Updated: Oct 28
By: Kristen Beachy
The policy statement for Diversity, Equity, and Inclusion (DEI) at Ohio Wesleyan University states that “Ohio Wesleyan University recognizes and celebrates that each member of its community is unique and that diversity is both essential to and a highly-valued principle of the University as a site of learning and work.”
To make sure the DEI policy statement is implemented on campus, the Diversity, Equity, and Inclusion Council (DEIC) was created. Chief Diversity Officer, Dawn Chisebe, has been working with other members of the council to ensure that the DEI policy statement is followed through on campus. More recently, Dawn Chisebe and the DEIC council members have been “working through providing workshopping and training opportunities, centering Diversity, Equity, Inclusion, Justice, and anti-Racism, for faculty and staff on campus,” said Chisebe.
Chisebe went on to say that they are “in our second iteration of a workshop series through Mosaic Education,” which is a Black-owned space in Columbus. The DEIC has also been facilitating discussions on campus about inclusive language on campus. Likewise, the Council is working on what training and programming will be for the upcoming academic year. Chisebe as well as the Council have “Laid the groundwork for the OWU DEI Dashboard,” said Chisebe. Another member of the council, Jason Timpson, the Director of Multicultural Student Affairs, has helped with student programming as well.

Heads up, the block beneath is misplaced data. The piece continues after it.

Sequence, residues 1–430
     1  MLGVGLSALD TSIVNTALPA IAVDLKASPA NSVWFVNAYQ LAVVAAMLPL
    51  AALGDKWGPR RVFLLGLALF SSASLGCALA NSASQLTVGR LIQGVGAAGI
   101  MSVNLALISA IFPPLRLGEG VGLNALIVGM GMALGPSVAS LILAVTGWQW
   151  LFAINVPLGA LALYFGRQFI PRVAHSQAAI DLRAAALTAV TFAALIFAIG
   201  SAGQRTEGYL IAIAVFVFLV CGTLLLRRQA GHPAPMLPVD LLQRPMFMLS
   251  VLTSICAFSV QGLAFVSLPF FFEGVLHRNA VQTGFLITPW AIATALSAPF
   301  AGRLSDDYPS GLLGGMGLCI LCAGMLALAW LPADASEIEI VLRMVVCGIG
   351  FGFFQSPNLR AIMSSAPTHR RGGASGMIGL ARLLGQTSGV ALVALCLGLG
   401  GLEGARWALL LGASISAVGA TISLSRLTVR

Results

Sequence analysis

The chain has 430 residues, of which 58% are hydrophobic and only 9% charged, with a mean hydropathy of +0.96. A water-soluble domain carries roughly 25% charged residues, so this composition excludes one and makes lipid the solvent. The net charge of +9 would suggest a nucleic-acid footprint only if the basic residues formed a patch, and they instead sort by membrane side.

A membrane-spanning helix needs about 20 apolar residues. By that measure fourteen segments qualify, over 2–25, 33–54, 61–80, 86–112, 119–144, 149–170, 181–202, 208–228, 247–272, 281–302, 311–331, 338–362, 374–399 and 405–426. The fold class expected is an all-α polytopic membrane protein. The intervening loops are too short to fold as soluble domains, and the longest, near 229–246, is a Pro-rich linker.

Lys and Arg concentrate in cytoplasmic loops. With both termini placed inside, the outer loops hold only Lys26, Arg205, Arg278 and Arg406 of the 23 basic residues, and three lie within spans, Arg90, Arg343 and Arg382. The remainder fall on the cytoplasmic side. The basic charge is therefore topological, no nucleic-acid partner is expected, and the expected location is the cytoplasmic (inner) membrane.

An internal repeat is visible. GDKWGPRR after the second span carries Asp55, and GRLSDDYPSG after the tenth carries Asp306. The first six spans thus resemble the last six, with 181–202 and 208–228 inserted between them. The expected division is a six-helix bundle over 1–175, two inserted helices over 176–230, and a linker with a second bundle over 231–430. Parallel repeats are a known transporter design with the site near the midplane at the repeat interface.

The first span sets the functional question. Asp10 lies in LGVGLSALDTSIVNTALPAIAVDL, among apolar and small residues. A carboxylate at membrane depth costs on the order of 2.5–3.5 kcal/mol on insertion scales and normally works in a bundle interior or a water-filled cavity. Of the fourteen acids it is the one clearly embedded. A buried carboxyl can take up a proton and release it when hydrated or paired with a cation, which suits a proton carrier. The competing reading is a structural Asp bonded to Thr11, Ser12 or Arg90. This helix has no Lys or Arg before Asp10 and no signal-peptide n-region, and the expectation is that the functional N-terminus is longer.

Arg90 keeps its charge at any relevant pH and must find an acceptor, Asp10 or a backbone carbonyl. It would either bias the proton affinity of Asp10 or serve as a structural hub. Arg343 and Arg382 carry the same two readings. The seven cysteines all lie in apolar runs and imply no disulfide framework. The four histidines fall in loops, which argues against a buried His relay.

These events that promote DEI on campus can be found on OWU’s event calendar on their website. Some of these events include “lunch and learns” as well as Zoom links and scheduled events that promote DEI. Examples of these events include "Diversity, Equity, and Inclusion: Fraternity & Sorority Life" and “Being White in the Anti-Racism Movement” presented by Jason Timpson, and “At the intersection of Queer, and Latinx Identities”, presented by Sergio Gonzalez.
Along with events that support DEI on campus, there are many clubs that promote DEI as well. For example, Black Men of the Future is a club “committed to providing the OWU community with a strong, positive image of Black men,'' stated on OWU’s website. Another club, Viva Latinx, gives students the opportunity to provide tutoring for children and adults who want to learn English as a second language. Another club and also SLU is the Sexuality and Gender Equality House (SAGE), which works to raise awareness and provide support in the areas of feminism, women's issues, and LGBTQ+ issues.
In addition to events and clubs that promote DEI on campus, many SLU’s promote DEI on campus as well. For example, the Butler A. Jones House of Black Culture is a SLU on campus that houses 10 students, named after former sociology professor Butler A. Jones, who was known for his work with race relations and the Civil Rights Movement. This house promotes Black culture and serves as a safe space for BIPOC (Black, Indigenous, and People of Color) students. Another SLU that promotes DEI on campus is the Citizen’s of the World (COW) House. This house is home to a diverse group of students from all over the world as well as students from the U.S. COW promotes DEI in many of their house projects, such as one in which students made dumplings for other OWU students that had facts about the Chinese New Year written on the packaging.
Ohio Wesleyan University has implemented DEI on campus in many ways through various events, clubs and even SLU’s. Along with the DEIC’s review of DEI on campus, students have helped to implement DEI on campus with many student-led events as well as clubs on campus. With the help of everyone on campus, the implementation of DEI on campus has been brought to light and will help everyone in the campus community to grow and succeed.